Ah I see. I was confused by the wording “like monogame does on the client side.”
Timers can be more convenient because you have an encapsulated object that’s counting on its own, with the ability to easily start and stop them. Usage is nice because when the timer completes, it will call your event function that has been preconfigured, so you don’t constantly need to check if it’s done.
If you need complex timers that don’t work with that standard behavior, then you can run your own in the game loop. But any standard timer (e.g. saving a completion time, comparing the current time to see if it’s done, calling a function) is basically recreating that small amount of logic that’s already done for you. Of course if you use a ton of timers, this might be preferable for garbage reasons.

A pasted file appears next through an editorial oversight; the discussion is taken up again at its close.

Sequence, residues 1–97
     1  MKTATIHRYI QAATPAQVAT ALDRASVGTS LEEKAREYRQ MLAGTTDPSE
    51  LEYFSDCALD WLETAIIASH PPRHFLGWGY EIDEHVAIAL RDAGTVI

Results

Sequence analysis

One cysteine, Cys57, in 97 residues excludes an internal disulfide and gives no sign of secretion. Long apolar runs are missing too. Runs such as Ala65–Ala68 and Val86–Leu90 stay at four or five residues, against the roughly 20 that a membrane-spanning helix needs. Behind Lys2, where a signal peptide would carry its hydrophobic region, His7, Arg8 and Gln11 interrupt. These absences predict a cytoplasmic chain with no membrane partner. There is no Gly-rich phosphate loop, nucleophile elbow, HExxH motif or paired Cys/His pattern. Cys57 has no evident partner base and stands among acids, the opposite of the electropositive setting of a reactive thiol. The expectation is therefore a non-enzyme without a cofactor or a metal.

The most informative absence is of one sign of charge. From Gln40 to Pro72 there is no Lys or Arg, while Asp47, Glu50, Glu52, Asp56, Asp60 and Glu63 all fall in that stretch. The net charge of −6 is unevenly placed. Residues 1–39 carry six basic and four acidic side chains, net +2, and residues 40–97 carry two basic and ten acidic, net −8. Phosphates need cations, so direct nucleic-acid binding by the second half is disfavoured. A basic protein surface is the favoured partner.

Another cool thing to try if you need some customization is
Task.Delay. It uses a timer internally (see the source), but instead of configuring the event function at the start, you can pass around your task and let different services check
IsCompleted within their update loops.